Simple Practice Problems

In the previous lesson, we covered what a derivative is, and how to find it.

We learned that the standard formula to find the derivative of a function $f(x)$ is $$\lim_{\delta x \to 0}\frac{f(x+\delta x)-f(x)}{\delta x} = \frac{\delta y}{\delta x}.$$

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  1. $\displaystyle{\frac{d \sin{x}}{dx} = }$

    Hint 1 Remember your $\sin{(a+b)}$ formula?
    Hint 2 Try to use some of the identities we learned last chapter.
    Show/Hide Solution $$\lim_{\delta x \to 0} \frac{\sin{(x+\delta x)} -\sin x}{\delta x}$$ $$\lim_{\delta x \to 0} \frac{\sin x\cos{\delta x}+\cos x\sin{\delta x} -\sin{x}}{\delta x}$$

    Distribute, and split the limit:

    $$\lim_{\delta x \to 0} (\sin x)\frac{\cos{\delta x} -1}{\delta x} + \lim_{\delta x \to 0}(\cos x)\frac{\sin x}{x}$$

    Look! There are our old friends, LI3 and LI4, hiding out in our practice problems! We can simply substitute, and move on:

    $$(\sin x)(0)+(\cos x)(1) = \boxed{\cos x}$$

    More neatly written,$$\frac{d \sin{x}}{dx} = \cos x.$$

  2. $\displaystyle{\frac{d\cos x}{dx}}= $

    Hint This question is solved almost the exact same way as the previous.
    Show/Hide Solution $$\lim_{\delta x \to 0} \frac{\cos{(x+\delta x)} -\cos x}{\delta x}$$ $$\lim_{\delta x \to 0} \frac{\cos x \cos{\delta x} - \sin x \sin{\delta x} -\cos x}{\delta x}$$

    Remember that the limit operation is distributive across multiplication, division, addition, and subtraction. Below, we distribute amongst subtraction.

    $$\lim_{\delta x \to 0} \cos x (\frac{\cos{\delta x} -1}{\delta x}) - \lim_{\delta x \to 0} \sin x(\frac{\sin{\delta x}}{\delta x})$$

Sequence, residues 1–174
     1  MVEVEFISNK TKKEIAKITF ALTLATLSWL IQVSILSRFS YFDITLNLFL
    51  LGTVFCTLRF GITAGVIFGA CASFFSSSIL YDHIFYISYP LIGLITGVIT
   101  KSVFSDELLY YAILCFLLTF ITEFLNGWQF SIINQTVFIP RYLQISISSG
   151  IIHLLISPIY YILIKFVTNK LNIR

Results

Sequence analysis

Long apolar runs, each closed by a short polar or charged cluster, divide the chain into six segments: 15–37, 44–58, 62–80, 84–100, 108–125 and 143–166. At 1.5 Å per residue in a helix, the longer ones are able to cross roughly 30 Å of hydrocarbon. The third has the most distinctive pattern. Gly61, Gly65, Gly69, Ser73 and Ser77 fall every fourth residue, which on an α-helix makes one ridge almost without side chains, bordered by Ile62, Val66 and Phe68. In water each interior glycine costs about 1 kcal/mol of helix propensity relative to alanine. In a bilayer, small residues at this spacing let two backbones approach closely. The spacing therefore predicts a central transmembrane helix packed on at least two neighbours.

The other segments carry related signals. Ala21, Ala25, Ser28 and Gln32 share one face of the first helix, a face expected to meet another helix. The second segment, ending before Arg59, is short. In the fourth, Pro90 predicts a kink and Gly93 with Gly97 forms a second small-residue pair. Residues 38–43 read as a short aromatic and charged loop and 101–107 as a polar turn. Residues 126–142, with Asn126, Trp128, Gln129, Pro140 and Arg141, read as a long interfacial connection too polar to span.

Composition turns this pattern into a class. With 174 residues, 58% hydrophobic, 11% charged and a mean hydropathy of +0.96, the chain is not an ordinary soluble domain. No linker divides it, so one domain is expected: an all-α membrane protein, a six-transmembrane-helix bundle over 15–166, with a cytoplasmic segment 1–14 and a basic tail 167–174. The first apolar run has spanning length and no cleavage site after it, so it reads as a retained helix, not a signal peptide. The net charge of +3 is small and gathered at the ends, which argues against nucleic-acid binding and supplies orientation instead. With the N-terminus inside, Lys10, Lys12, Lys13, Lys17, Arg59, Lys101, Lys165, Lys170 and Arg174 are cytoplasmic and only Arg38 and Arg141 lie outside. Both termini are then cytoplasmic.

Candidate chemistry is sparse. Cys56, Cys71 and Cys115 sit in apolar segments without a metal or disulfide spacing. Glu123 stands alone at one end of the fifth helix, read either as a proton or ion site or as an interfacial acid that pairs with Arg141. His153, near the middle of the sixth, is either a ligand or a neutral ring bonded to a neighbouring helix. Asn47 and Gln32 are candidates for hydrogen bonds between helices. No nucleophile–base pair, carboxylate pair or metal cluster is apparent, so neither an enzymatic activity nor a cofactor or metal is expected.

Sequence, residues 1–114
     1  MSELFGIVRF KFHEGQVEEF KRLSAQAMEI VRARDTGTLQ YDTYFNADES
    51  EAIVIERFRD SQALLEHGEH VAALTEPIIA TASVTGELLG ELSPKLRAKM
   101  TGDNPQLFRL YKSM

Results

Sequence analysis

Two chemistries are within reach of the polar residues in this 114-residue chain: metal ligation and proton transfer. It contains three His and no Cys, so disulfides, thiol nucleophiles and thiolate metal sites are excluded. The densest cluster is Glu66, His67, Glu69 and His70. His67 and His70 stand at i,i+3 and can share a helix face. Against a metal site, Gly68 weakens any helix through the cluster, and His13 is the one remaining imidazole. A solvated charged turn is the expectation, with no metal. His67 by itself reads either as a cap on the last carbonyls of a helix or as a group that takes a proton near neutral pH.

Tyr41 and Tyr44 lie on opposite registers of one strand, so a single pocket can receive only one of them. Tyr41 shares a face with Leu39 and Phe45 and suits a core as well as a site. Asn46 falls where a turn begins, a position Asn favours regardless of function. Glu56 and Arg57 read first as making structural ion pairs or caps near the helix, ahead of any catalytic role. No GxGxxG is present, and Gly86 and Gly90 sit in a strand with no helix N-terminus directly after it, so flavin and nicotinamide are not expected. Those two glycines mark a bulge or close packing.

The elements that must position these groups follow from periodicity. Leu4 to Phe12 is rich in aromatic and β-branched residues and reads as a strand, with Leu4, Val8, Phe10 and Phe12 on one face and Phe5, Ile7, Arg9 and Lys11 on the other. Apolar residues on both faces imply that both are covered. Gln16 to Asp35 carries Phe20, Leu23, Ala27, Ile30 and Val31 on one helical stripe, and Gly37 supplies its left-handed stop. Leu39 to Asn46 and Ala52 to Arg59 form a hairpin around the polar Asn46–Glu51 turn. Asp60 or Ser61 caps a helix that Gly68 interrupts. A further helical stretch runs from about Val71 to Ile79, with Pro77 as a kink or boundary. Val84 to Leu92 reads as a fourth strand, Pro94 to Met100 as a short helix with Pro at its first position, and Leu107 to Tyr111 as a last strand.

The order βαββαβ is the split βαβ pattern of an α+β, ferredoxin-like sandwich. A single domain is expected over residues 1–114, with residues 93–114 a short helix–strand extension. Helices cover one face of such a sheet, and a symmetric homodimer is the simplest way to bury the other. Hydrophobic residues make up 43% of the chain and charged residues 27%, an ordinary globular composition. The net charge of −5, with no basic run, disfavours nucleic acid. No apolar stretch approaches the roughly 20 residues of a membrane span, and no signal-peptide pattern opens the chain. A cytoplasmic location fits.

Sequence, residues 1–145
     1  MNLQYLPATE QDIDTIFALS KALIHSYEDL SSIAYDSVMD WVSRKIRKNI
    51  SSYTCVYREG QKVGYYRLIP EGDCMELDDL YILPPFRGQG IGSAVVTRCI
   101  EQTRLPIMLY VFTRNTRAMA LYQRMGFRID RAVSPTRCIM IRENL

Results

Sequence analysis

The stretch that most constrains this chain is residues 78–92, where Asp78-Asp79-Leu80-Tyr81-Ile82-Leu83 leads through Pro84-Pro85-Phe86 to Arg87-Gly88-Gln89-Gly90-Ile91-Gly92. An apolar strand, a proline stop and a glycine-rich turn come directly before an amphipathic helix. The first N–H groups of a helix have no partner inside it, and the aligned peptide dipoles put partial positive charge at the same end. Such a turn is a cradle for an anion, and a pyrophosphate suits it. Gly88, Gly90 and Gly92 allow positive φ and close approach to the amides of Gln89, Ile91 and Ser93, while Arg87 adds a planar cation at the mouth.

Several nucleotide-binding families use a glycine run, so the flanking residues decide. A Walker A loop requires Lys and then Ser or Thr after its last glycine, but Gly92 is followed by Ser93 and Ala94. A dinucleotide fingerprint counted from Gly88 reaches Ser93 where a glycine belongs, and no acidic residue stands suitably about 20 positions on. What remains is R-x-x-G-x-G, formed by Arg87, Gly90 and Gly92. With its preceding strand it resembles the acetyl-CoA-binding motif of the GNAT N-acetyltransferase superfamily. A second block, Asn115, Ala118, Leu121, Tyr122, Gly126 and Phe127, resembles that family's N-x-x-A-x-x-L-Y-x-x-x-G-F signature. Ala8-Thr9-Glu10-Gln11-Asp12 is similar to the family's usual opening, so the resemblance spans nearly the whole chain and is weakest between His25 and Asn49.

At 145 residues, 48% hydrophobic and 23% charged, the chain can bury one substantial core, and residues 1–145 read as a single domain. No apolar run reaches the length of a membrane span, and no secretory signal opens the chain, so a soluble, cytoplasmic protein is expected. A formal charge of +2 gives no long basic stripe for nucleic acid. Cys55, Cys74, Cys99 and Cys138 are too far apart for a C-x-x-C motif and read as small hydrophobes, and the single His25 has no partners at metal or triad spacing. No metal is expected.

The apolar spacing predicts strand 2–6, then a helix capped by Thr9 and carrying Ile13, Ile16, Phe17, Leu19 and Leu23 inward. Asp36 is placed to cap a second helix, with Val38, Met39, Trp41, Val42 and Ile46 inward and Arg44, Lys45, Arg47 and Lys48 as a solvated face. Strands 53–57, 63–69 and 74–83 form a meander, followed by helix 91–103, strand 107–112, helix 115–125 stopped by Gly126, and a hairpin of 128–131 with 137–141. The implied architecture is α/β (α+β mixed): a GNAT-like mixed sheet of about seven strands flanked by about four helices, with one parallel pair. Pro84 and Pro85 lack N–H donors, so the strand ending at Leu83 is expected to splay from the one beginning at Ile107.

The value of $x$ is independent of $\delta x$, the approaching variable, so we can remove values that are functions of $x$ to be a coefficient of the limit.

    $$ \cos x \cdot\lim_{\delta x \to 0}\frac{\cos{\delta x} -1}{\delta x} - \sin x\cdot\lim_{\delta x \to 0}\frac{\sin{\delta x}}{\delta x}$$

    Aha! There's our LI3 and LI4! Substitute:

    $$\cos x \cdot 0 - \sin x\cdot 1 =-\sin x$$
  3. $\displaystyle{\frac{de^x}{dx}}= $

    HintTry to use LI2.
    Show/Hide Solution

    Set up the limit: $$\lim_{\delta x \to 0} \frac{e^{x\delta x} - e^x}{\delta x}.$$

    Now, we can factor $e^x$ out of the limit: $$e^x\lim_{\delta x \to 0} \frac{e^{\delta x} - 1}{\delta x}.$$

    This is LI2! We can substitute LI2=1: $$ \frac{de^x}{dx} = e^x.$$

    This is one of the most important differentiations, next to $\sin x$ and $\cos x$. This will be particularly useful in the coming chapters.

  4. $\displaystyle{\frac{d\ln x}{dx}}= $

    Hint What was the formula for $\log_n{a} - \log_n{b}$?
    Show/Hide Solution $$\lim_{\delta x \to 0} \frac{\ln{(x+\delta x)} -\ln x}{\delta x}$$

    Apply the difference of logarithms formula:

    $$\lim_{\delta x \to 0} \frac{1}{\delta x}\ln{(\frac{x+\delta x}{x})}$$ $$\lim_{\delta x \to 0} \frac{1}{\delta x}\ln{(1+\frac{\delta x}{x})}$$

    Now we apply the logarithm coefficient formula:

    $$\lim_{\delta x \to 0} \ln{[(1+\frac{\delta x}{x})^{\frac{1}{\delta x}}]}$$ $$\lim_{\delta x \to 0} \ln{[(1+\frac{\delta x}{x})^{\frac{x}{x\delta x}}]}$$ $$\lim_{\delta x \to 0} \ln{[(1+\frac{\delta x}{x})^{\frac{x}{\delta x}\cdot \frac{1}{x}}]}$$ $$\lim_{\delta x \to 0} \frac{1}{x}\ln{[(1+\frac{\delta x}{x})^{\frac{x}{\delta x}}]}$$ $$\frac{1}{x}\lim_{\delta x \to 0} \ln{[(1+\frac{\delta x}{x})^{\frac{x}{\delta x}}]}$$

    Wow! Doesn't it resemble LI5?

    However, the actual approaching variable is $\delta x$, not $\frac{\delta x}{x}$. So, we can't immediately substitute for our identity.

    So, I guess we're stuck now- there's nothing we can do. Or is there?

    Let's step away from the problem and think about it for a moment. As $\delta x$ approaches 0, what does $\frac{\delta x}{x}$ approach?

    We can just plug in 0 to the numerator, and we get 0! So now, we can say that

    $$\frac{1}{x}\lim_{\delta x \to 0} \ln{[(1+\frac{\delta x}{x})^{\frac{x}{\delta x}}]}=\frac{1}{x}\lim_{\frac{\delta x}{x} \to 0} \ln{[(1+\frac{\delta x}{x})^{\frac{x}{\delta x}}]}$$

    (Make sure you see why that step was necessary.)

    Now, we can just substitute LI5 here:

    $$\frac{1}{x}\cdot \ln{e} = \boxed{\frac{1}{x}}.$$